|SPA Gallego GLG Galego|
Kallaikoi was the name given to the first communities that inhabited Galicia in prehistoric times, also known as the Castro culture, until the Roman occupation (second century BCE). The Galician language is the result of this Latin presence that gave rise to a valuable lyrical production in the Middle Ages. After centuries of repression and silence, literary production was reborn in the nineteenth century, thanks to the impetus of the Galicianist and nationalist movements. The Galician language and culture are alive today in the framework of its autonomous and differentiated territory within Spain.
Translation in the Galician domain refers to the production translated from and into the Galician language as a result of an autonomous and differentiated cultural reality.
The first documented texts in the Galician language date from the twelfth century. They are cantigas de amor, de amigo, de escarnio and maldecir ['songs of love, friendship, satire and scorn']. The appearance of narrative prose dates from later (14th and 15th centuries), when important literary and historiographical works were translated, especially from Latin, which are preserved in a very fragmentary form. From the sixteenth to the nineteenth century, there was hardly any writing in Galician and it was not until the middle of the nineteenth century that translations appeared again: biblical texts, parts of classical Latin literature and short romantic or costumbrist literary pieces.
The civil war followed by Franco’s dictatorship radically paralysed any publication in Galician and stalled the translation process started in earlier periods. It was not until well into the 1980s that translation into Galician took a quantitative and qualitative leap forward, with the support of standardizing legislation and the determination of a part of society to recover equality and democratic rights.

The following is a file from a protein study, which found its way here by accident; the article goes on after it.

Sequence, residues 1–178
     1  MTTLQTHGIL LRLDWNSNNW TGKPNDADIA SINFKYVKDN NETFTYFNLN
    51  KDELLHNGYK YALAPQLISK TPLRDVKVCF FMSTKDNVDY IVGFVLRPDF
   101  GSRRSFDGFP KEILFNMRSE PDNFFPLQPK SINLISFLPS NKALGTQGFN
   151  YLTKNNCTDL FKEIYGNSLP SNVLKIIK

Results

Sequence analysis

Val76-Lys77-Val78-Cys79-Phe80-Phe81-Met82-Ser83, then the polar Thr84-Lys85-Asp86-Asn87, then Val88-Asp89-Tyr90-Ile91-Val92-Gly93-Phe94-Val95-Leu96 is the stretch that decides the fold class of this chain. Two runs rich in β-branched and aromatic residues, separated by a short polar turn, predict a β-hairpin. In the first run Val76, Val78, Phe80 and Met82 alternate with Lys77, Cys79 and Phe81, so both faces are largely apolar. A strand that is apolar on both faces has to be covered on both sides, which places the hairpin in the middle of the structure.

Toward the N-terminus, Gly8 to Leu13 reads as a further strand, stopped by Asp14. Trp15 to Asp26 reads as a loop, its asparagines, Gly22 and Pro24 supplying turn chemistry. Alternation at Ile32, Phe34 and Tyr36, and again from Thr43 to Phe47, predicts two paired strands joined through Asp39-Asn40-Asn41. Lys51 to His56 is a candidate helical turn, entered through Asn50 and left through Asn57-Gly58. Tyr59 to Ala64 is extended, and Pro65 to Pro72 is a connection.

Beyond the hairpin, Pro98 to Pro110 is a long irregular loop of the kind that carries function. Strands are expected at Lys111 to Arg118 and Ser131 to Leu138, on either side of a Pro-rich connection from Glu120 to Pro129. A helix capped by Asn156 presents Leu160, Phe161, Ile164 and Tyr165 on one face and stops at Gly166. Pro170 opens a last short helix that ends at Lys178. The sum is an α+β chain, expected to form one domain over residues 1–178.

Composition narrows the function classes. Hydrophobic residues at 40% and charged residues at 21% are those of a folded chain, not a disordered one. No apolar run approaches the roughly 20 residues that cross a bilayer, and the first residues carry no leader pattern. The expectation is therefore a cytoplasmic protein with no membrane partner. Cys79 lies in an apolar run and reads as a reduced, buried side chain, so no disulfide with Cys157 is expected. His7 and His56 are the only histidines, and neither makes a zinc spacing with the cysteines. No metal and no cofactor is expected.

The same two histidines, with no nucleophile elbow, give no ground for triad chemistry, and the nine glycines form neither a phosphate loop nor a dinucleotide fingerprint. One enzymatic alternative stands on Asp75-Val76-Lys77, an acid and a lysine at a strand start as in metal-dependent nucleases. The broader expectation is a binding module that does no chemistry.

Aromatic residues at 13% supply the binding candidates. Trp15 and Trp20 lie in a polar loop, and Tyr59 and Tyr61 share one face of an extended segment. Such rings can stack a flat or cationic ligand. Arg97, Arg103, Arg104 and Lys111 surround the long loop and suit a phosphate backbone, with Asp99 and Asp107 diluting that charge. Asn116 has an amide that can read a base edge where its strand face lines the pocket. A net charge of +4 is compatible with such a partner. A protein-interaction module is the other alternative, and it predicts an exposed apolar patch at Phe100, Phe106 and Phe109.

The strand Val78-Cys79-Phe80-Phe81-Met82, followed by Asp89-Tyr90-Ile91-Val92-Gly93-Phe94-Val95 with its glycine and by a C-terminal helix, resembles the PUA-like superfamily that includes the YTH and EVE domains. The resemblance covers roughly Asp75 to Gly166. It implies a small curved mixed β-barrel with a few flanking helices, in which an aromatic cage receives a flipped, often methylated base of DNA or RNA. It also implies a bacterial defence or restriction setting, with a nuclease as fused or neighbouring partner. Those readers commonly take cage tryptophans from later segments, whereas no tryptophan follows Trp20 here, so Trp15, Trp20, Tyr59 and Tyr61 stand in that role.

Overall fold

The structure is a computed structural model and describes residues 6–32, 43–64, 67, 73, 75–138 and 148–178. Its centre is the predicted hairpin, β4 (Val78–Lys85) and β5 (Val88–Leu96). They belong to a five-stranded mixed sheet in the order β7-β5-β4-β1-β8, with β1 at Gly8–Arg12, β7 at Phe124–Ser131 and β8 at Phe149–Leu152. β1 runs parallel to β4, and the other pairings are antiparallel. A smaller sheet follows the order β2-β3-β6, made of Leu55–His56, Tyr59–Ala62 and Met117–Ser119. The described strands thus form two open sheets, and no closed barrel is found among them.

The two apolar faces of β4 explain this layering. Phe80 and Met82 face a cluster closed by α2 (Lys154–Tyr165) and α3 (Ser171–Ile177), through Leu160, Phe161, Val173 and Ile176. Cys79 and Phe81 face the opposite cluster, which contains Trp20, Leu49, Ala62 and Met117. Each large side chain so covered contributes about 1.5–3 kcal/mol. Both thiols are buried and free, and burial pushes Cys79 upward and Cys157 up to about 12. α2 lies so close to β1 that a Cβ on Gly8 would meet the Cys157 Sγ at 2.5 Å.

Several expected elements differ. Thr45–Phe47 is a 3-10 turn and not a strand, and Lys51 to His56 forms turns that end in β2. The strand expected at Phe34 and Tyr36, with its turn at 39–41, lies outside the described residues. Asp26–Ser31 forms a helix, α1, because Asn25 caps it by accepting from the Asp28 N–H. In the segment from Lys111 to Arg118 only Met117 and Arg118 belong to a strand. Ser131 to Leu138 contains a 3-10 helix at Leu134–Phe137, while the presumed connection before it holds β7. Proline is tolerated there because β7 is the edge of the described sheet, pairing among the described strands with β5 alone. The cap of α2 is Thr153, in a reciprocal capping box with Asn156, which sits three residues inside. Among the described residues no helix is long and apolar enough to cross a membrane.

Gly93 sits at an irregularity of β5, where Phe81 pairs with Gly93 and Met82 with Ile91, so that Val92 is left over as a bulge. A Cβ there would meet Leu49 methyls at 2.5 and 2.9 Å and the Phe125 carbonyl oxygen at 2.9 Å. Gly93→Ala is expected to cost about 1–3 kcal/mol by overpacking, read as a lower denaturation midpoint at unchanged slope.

Analysing the data on translation production collected since the beginning of the twenty-first century requires the context surrounding the reasons to commission translations, the translation process itself and even the outcome. They comprise disparate elements, such as the prestige of the language, the authorship of the translation or the source text, the role and ideology of the mediators, the publishers, the distribution circuits, etc.
Overall, translation focuses on what is considered innovative, but the phenomenon of importation, as well as that of exportation, which is on the rise in Galicia at the beginning of the new millennium with clearly defined behaviours, issues from various factors ranging from personal motivation to socio-political or economic interests.
|Ana Luna Alonso|
|Luna Alonso, Ana. 2022. "Galician domain" @ ENTI (Encyclopedia of translation & interpreting). AIETI.|